The center is supported by the A-frame struts.
Just seems like a needless development risk that offers little perceptible benefit over simply putting ailerons on the rear wing.

Looking at this, the "benefit" is a reducing the roll-control system by 2-4 pullies and about six feet of cable. The "cost" is breaking the spar at the middle of the span, large pressure leaks through the centerline when rolling - with the attendant increase in induced drag, and potentially wrenching control forces on the stick in gusty conditions.

I just don't see that it's worth it, myself.
There are other benefits. Less twisting force on the fuselage while banking. The downwash from the fore wing increases the lift on the aft wing. That's how fleas can stay level while climbing and descending. That means the half of the fore wing that deflects it's trailing edge down to increase it's lift will also increase the lift of the aft wing on that side so both contribute.
The aft wing being shorter also means that aft ailerons would have much less roll authority.
Honestly if you don't want to split the fore wing, just stick full length flapelevons on the fore wing instead of the rear one. They will still do all the things you need.
 

Aerowerx

Well-Known Member
Joined
Dec 1, 2011
Messages
5,601
Location
Marion, Ohio
Ok, here ya go.


The amount of force the pilot needs to apply doesn't seem to be that much, but the proportions and exact positioning can be tweaked a bit.
Thank you, but I still don't get it.

As you tilt the control stick to the left, the right ball joint goes HIGHER than the neutral position, as you show. So how can it pull DOWN on the right wing?

Unless there is an angle at first where it starts to pull down, stops, and then with further stick travel, starts to push up. NOT a good idea, IMHO.

And, as Topaz said. Needless development. Aren't there some split wing aircraft that already do this? And it is certainly possible to do this without ball joints.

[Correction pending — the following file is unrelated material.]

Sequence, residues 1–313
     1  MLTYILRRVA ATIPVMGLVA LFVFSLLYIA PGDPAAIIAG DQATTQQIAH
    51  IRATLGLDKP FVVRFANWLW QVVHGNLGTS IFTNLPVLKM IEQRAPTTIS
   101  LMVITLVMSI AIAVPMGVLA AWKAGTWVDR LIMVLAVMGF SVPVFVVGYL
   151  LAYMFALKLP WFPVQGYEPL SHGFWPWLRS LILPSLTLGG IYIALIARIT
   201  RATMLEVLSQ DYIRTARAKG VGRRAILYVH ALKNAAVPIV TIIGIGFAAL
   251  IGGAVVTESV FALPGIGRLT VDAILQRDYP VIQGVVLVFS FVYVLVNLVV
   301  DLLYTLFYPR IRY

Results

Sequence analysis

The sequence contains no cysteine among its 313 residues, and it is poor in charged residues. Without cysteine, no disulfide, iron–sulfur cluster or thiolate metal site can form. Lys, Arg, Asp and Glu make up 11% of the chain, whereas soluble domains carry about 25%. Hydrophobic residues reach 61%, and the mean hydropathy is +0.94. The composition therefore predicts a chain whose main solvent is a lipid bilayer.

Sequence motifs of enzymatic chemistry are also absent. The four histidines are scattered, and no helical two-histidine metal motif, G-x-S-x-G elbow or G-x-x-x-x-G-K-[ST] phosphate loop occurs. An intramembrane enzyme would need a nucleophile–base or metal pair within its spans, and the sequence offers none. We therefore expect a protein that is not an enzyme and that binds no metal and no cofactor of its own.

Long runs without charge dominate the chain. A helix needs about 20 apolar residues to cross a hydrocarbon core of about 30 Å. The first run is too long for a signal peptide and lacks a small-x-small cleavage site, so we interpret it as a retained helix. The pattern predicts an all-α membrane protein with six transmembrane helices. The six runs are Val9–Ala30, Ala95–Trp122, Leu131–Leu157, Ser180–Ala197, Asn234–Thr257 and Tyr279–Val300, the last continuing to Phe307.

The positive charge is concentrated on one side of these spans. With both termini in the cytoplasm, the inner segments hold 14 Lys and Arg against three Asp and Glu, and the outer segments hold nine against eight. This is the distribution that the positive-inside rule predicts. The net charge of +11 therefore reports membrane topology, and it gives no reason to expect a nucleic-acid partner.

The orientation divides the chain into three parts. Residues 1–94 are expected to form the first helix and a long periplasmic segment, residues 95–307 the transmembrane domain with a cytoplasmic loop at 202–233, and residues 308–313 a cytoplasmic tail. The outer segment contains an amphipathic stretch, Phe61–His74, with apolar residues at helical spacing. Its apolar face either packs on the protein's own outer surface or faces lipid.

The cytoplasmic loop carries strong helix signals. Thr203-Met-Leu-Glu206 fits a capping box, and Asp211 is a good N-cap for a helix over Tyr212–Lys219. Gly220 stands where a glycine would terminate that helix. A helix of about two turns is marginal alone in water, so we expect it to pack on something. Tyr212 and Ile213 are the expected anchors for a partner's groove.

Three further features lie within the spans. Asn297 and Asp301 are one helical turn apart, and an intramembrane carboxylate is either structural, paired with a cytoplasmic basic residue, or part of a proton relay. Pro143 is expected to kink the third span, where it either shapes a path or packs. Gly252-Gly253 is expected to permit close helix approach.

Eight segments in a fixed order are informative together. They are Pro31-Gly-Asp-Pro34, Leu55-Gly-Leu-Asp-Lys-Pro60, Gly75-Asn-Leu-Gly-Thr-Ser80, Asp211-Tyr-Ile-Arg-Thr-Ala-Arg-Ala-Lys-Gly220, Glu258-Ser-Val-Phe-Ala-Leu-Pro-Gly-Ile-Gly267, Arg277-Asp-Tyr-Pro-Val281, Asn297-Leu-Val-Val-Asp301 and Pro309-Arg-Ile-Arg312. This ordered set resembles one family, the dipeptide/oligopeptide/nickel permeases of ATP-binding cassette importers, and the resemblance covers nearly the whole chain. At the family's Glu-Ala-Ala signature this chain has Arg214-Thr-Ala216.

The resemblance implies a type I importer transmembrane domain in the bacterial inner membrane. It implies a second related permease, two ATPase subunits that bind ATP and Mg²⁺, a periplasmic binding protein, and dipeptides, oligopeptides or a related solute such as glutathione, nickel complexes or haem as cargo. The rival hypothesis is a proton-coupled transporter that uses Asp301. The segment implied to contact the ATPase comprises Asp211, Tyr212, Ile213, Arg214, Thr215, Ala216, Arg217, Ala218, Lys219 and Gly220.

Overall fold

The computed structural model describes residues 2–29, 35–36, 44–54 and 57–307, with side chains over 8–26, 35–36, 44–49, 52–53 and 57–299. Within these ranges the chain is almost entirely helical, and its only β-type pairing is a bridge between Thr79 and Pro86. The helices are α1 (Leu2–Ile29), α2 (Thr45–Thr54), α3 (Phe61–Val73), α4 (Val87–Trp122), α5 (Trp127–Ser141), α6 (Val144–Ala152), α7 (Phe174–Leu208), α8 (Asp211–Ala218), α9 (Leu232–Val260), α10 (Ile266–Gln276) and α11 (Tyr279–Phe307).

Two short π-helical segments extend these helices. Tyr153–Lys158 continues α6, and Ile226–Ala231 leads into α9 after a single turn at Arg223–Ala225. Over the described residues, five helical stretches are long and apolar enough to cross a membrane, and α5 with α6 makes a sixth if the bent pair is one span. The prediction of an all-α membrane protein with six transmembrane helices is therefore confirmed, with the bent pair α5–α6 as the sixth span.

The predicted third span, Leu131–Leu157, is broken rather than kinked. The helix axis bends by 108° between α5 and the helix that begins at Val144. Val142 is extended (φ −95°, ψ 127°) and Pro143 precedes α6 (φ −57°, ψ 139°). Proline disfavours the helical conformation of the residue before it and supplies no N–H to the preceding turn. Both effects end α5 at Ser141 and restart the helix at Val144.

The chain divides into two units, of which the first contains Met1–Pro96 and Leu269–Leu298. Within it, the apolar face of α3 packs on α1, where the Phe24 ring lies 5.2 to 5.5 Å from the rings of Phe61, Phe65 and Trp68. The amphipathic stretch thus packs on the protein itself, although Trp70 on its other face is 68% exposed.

[Edit] Ah, I think I see what you are doing. In the neutral position the pushrods are supposed to be exactly at 45 degrees?? You are taking a known design for a elevon mixer and making it bigger. The problem is that you would have to use steel tubing for strength. This will be heavy, and I also think that such long unsupported pushrods will flex and possibly lead to disastrous wing flutter!
 

poormansairforce

Well-Known Member
Joined
Mar 28, 2017
Messages
1,005
Location
Just an Ohioan
Another thing I wonder about is that the push-pull force is being applied at an angle to the wing. Doesn't that require a lot more force than if it is at a 90 degree angle?
Let me be clear, I'm not advocating or rejecting this idea. I just wanted everyone to be on the same page. The forces due to the angles will be different, that is certain
 

Topaz

Super Moderator
Staff member
Log Member
Joined
Jul 29, 2005
Messages
14,112
Location
Orange County, California
... Honestly if you don't want to split the fore wing, just stick full length flapelevons on the fore wing instead of the rear one. They will still do all the things you need.
That's actually the far better idea, if one simply can't handle ailerons on the rear wing for some reason. Rutan tried this on one of the EZE prototypes and had very poor results, but then the canard on the EZE's was a very small surface, relative to the wing. It would take a lot of calculation and probably some additional testing, but the fact that a "flea" derivative has much larger front wing might make this possible. You'd still have the added complexity of a mixer, but that's an individual choice.

All this said, I'd personally just put ailerons on the rear wing.
 

FritzW

Well-Known Member
Log Member
Joined
Jan 30, 2011
Messages
3,896
Location
Las Cruces, NM
What's the benefit of a split wing over ailerons? I can see three significant down sides to a split wing with no real benefit.
Making a mixer isn't an issue. The issue is weather or not it makes sense to put a split wing on a Piojo.

What would be the advantage?
 

Sockmonkey

Well-Known Member
Joined
Apr 24, 2014
Messages
1,909
Location
Flint, Mi, USA
If you wanted to stick with just two-axis then a split wing gives that with a single control system. Plus, it gives an easy way to fold the wing just by unhooking the outer struts since the wing is already in two halves.

Rear wing ailerons only make sense if you make them elevons and have the fore wing be fixed.
 
Top